Old Problems, New Challenges
Chapter 8: Public transit utilities
Public transportation in the United States, except for ferryboats and barges, only became necessary and broadly available with the growth of cities in the mid-nineteenth century. Prior to then, work was almost always within walking distance of people. However, as municipal concentrations such as Boston and Philadelphia grew and distances increased, horse-pulled stagecoaches, patterned after the coaches common in Great Britain, were introduced. Soon, similar carriages were introduced in other growing cities. By the 1830s, carriages traveling on iron rails had been introduced in New York City. The first common carrier steam-powered railroad, the Baltimore and Ohio, began operations in 1830. Substantial growth, however, had to wait until the end of the Civil War. Street railways, elevated lines and horse-drawn carriages were soon common. The era of horse-drawn public transit was curtailed in the 1870s when an epidemic killed thousands of horses—18,000 died in New York alone. In an effort to halt the spread of the disease, as well as reduce the pollution, city fathers sought other means of public transit. One new approach, cable-hauled street railways were first installed in San Francisco in 1873. A similar system followed in hilly Seattle, Washington and many others were installed around the country. In 1882, representatives from five U.S. cities met to form the country’s first Street Railway Association. By 1887, Chicago was operating 150 cable car trains daily. Urban transit was here to stay (APTA 2014a).Growth in public transportation began to grow at a faster pace after electrification...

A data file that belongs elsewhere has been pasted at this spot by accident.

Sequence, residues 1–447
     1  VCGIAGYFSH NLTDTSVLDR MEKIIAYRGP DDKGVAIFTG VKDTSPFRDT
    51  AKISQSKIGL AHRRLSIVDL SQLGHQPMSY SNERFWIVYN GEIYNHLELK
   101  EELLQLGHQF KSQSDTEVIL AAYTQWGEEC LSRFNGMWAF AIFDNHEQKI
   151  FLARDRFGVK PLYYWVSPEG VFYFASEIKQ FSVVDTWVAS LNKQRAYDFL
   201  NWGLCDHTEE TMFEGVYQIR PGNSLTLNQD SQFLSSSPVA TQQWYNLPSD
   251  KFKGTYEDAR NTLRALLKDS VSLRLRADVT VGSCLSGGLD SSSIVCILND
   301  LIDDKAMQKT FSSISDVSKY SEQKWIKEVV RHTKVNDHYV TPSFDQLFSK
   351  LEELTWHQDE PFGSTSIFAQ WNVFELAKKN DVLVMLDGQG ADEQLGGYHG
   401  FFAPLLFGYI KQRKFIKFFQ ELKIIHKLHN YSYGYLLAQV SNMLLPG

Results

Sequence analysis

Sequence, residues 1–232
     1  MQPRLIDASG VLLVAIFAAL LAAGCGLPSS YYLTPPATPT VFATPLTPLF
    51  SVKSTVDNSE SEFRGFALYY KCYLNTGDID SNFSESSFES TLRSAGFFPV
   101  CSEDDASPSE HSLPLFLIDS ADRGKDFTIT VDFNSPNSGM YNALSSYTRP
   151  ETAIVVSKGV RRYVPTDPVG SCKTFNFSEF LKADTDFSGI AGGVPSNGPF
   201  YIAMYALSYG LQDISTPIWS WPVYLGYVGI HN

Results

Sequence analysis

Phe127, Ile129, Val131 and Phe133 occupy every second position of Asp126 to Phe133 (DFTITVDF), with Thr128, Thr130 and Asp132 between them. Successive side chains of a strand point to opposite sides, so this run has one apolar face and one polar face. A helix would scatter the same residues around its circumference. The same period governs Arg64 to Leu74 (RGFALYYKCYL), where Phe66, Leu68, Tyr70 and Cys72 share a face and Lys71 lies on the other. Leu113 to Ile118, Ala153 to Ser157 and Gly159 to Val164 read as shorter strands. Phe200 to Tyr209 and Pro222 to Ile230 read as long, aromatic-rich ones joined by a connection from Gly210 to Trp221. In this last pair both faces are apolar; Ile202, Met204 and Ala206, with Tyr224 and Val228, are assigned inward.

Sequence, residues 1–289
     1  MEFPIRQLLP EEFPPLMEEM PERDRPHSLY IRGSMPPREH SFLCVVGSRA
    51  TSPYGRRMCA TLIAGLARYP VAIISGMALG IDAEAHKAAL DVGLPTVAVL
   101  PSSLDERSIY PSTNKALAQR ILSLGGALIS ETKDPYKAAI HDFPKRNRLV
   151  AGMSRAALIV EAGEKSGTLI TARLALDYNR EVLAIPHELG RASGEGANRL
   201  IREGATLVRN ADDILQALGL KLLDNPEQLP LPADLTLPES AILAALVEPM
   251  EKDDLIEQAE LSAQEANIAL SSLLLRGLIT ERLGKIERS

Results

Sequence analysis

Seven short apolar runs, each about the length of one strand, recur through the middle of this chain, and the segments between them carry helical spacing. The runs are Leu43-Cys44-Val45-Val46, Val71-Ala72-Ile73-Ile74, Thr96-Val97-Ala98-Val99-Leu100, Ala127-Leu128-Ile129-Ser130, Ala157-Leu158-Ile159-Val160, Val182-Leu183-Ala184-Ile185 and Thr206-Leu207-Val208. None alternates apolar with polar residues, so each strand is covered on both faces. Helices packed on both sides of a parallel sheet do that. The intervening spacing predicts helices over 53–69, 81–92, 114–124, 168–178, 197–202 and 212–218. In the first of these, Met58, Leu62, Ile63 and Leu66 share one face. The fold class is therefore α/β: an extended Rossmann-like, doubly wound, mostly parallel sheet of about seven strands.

You are not authenticated to view the full text of this chapter or article.
Elgaronline requires a subscription or purchase to access the full text of books or journals. Please login through your library system or with your personal username and password on the homepage.
Non-subscribers can freely search the site, view abstracts/ extracts and download selected front matter and introductory chapters for personal use.
Your library may not have purchased all subject areas. If you are authenticated and think you should have access to this title, please contact your librarian.